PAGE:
College joins the first consortium dedicated specifically to advancing success of men of color in community colleges
Calhoun Community College President Dr. James Klauber announced that the college has joined the Minority Male Community College Collaborative (M2C3) National Consortium on College Men of Color.
“Participation in the M2C3 Consortium will enhance our commitment to improving the success of historically underrepresented and underserved students, including men of color,” Klauber commented.
Despite programs designed to enhance outcomes for men of color, in the United States only 17% and 15% of Black and Latino men, respectively, earn a certificate, degree, or transfer from a community college to a four-year institution in six years. Figures for men from other ethnic groups (e.g., Native American, Southeast Asian) also indicate an insurmountable need for improvement.
To combat this achievement gap, the M2C3 Consortium facilitates an exchange of ideas between community colleges across the nation on how best to serve men of color in our educational institutions. Community colleges convene to share their efforts and learn about new strategies for enhancing the success of men of color.
Calhoun‘s engagement in M2C3 will enhance professional development for faculty and staff, enable informed interventions for our current programs serving men of color, and inspire new initiatives addressing challenges facing these men.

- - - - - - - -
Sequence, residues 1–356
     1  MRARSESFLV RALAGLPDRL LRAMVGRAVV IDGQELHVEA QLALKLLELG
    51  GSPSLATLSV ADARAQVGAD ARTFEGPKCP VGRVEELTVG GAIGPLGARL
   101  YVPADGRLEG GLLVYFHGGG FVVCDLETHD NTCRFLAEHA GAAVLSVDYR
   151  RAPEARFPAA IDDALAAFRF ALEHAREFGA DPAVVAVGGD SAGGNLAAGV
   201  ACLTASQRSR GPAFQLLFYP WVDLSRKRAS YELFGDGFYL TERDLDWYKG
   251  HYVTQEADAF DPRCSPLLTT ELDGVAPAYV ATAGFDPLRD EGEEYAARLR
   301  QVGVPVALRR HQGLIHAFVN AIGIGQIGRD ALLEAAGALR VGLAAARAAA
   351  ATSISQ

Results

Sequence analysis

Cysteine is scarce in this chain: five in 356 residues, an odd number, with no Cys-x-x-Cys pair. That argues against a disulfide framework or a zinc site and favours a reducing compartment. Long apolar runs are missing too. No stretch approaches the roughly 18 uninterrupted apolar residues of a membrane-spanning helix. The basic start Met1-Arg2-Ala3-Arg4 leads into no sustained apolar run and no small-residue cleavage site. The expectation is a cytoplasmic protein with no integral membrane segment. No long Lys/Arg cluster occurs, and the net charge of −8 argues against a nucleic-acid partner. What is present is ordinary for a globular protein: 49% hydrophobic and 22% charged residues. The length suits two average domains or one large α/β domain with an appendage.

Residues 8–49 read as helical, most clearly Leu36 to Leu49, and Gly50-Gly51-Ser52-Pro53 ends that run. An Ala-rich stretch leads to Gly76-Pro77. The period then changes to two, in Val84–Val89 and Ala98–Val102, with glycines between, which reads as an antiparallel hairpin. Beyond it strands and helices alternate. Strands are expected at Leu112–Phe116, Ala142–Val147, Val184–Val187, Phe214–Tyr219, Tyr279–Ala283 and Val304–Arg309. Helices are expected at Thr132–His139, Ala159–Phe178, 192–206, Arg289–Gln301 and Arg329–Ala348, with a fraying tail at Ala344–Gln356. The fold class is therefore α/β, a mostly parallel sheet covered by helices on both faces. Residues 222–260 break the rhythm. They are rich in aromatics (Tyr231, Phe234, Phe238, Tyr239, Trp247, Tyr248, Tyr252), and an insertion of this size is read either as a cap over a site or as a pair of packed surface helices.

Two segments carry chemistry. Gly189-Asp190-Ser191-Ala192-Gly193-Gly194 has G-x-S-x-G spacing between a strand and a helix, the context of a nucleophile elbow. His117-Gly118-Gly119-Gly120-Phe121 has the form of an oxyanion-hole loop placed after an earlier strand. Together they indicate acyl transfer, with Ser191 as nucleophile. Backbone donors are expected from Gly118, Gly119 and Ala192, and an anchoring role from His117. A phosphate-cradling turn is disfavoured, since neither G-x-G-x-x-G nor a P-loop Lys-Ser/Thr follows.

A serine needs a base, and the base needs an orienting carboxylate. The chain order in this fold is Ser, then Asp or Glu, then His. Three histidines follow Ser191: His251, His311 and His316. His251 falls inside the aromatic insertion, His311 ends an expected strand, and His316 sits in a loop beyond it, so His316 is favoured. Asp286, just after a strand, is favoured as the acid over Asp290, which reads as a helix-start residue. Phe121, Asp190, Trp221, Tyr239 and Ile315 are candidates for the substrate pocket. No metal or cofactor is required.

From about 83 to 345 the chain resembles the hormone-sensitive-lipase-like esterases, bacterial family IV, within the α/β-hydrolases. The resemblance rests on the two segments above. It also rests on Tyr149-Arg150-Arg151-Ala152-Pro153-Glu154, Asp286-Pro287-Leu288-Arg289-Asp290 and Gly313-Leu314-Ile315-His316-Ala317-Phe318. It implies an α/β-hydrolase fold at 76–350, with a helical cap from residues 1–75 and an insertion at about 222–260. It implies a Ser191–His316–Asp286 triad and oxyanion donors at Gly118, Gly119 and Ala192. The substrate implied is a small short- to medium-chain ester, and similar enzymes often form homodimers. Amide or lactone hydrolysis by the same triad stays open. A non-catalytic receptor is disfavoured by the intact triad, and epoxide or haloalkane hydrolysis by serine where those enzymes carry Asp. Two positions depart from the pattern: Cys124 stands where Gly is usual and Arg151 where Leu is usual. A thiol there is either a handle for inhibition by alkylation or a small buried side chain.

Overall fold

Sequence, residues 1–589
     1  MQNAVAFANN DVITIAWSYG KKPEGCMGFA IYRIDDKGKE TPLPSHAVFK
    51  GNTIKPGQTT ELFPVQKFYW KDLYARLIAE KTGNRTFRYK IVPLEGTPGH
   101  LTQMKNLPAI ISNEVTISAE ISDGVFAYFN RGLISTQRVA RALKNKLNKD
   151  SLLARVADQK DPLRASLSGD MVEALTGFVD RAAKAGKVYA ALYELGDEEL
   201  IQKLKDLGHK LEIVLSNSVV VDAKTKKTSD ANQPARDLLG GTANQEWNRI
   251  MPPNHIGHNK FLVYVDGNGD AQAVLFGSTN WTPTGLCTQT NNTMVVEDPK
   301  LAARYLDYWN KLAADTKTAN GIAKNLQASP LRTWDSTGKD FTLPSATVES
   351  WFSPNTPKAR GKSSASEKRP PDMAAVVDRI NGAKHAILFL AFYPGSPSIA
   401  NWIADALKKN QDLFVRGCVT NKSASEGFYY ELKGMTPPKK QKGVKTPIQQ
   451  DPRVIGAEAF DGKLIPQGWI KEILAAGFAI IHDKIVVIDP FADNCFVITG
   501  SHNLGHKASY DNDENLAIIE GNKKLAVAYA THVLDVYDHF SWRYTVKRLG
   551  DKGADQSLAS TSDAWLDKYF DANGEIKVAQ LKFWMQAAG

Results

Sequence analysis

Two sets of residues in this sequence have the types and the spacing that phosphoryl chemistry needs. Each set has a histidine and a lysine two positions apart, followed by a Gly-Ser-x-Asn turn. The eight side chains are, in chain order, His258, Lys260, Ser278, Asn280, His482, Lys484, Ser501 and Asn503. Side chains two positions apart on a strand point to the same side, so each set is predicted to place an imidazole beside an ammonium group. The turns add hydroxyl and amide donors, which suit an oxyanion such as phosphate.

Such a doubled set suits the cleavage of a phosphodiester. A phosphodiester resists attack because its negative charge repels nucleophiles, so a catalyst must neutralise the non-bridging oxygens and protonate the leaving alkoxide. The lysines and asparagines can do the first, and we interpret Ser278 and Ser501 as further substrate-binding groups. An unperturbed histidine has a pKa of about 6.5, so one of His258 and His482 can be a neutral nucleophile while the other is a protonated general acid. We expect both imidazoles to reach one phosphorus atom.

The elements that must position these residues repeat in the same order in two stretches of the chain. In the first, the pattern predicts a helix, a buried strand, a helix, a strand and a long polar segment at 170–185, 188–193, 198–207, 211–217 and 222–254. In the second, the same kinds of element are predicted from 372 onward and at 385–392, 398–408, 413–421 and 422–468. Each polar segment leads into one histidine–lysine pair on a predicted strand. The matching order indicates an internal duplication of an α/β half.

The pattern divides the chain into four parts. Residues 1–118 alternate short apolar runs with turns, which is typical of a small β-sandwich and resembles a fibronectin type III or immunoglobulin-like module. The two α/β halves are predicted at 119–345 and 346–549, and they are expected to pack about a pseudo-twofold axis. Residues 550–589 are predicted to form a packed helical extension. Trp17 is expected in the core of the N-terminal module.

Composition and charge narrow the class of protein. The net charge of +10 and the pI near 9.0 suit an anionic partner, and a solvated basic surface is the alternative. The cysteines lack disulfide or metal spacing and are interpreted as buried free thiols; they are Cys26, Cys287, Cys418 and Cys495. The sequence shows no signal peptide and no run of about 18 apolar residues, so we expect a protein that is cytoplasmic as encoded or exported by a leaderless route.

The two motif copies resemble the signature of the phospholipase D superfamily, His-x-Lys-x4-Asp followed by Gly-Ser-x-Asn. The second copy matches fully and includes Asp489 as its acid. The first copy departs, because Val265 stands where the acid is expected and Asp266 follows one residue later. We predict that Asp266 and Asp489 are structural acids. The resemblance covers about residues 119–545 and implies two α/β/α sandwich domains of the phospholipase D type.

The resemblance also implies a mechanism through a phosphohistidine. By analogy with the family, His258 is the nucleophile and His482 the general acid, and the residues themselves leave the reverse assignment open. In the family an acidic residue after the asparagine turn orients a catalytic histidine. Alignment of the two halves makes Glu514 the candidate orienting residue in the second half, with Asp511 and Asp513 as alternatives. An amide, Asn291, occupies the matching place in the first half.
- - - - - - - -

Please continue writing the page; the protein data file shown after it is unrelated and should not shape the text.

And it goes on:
“At Calhoun, we are committed to the success of all of our students and this opportunity to now partner with M2C3 will open the door for additional resources to assist us in achieving this goal,” Klauber said.
“This innovative group of college leaders will be instrumental in implementing cutting-edge practices and policies to address the achievement gap facing underrepresented men,” said Dr. J. Luke Wood, co-director of M2C3.
Launched in February 2015, the M2C3 has already seen much success in information-sharing between community colleges. An average of more than 1,000 consortium members participates in each webinar.
“It is inspiring to see educators collaborate and openly share innovative ideas for serving men of color,” said Frank Harris III, co-director of M2C3. “We look forward to the future of M2C3 and the future success of men of color.”